Federal Preemption of Shrinkwrap and On-Line Licenses
Dennis S. Karjala
Arizona State University College of Law
University of Dayton Law Review, Vol. 22, p. 511, 1997
For works that have been widely distributed, the fundamental copyright balances are not subject to private reordering under state contract law. Judge Easterbrook's overreliance on narrow law-and-economics reasoning caused him to miss the critical public interest analysis when he upheld the shrinkwrap license in ProCD, Inc. v. Zeidenberg. This article stresses the important distinction between commercialized and noncommercialized works. It argues that United States copyright law is and should remain philosophically based firmly in instrumentalist rather than natural rights views, but that in any event there is no denying the strong public interest not only in rewarding past creators but also in nurturing current and future creators. The decision in the 1976 Copyright Act to bring unpublished works into the federal scheme did not change any of the fundamental policy tradeoffs for widely distributed, but represented a federalization for housekeeping and efficiency purposes of the old common law right of first publication. The policy balances with respect to such rights of first publication are very different from those governing widely distributed works, and in that sense we actually still have two copyright laws operating in parallel.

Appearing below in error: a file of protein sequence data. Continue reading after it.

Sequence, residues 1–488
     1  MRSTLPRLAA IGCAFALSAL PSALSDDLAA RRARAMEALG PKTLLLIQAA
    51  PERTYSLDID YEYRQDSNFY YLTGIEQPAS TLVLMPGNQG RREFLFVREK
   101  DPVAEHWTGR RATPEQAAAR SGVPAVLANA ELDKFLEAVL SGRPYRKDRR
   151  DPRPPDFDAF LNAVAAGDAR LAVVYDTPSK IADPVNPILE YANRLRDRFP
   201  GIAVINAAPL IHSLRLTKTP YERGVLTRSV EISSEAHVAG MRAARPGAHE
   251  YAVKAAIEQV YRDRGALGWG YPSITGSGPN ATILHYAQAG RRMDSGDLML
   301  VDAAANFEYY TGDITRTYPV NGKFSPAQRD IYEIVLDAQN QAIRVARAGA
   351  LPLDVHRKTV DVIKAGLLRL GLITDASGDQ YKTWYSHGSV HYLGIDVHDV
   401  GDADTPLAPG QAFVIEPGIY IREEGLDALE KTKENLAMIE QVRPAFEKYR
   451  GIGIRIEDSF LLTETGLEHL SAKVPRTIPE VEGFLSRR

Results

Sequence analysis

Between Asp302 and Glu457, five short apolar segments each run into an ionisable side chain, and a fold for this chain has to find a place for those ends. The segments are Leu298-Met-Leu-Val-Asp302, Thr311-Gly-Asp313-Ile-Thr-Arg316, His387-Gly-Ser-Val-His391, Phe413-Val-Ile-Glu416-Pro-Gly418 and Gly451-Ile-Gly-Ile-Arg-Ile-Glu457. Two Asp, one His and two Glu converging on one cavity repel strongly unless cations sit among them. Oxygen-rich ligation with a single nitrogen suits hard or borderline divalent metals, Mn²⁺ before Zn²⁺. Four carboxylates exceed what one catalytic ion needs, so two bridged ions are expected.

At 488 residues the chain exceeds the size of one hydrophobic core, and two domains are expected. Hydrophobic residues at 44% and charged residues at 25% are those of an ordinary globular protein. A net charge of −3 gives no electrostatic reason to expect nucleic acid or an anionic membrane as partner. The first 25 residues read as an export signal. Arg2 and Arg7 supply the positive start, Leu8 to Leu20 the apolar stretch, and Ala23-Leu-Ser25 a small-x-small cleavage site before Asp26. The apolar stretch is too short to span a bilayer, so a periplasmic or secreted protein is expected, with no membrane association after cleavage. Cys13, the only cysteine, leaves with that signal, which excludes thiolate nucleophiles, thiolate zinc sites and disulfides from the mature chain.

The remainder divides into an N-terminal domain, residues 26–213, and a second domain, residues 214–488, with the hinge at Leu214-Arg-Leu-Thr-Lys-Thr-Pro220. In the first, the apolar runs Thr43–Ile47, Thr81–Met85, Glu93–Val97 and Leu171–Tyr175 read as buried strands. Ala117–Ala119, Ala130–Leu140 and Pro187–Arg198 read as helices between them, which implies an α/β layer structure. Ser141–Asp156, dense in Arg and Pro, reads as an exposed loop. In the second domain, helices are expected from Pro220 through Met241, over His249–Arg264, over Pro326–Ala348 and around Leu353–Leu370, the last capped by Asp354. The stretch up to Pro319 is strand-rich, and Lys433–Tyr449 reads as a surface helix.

Once that foundation has been laid and the public nature of the policy tradeoffs applicable to widely distributed works brought into focus, it follows directly that state enforcement of purported contracts or licenses that restrict basic users' rights reserved to the public by the copyright statute would fundamentally frustrate the federal scheme. The article therefore concludes that state contract law must, to this extent, be preempted by federal copyright. It is clear that the correct answer can be achieved only through full and fair consideration of the public benefits that flow from the free use of information as well as from the incentives supplied by intellectual property law to the creators of information products. Judicial validation of contracts that wholly tilt the balance in favor of the producers at the expense of users and the general public cannot be right.
Number of Pages in PDF File: 35
Keywords: Copyright, 1976 Copyright Act, ProCD, Inc. v. ZeidenbergAccepted Paper Series
Date posted: May 29, 2009
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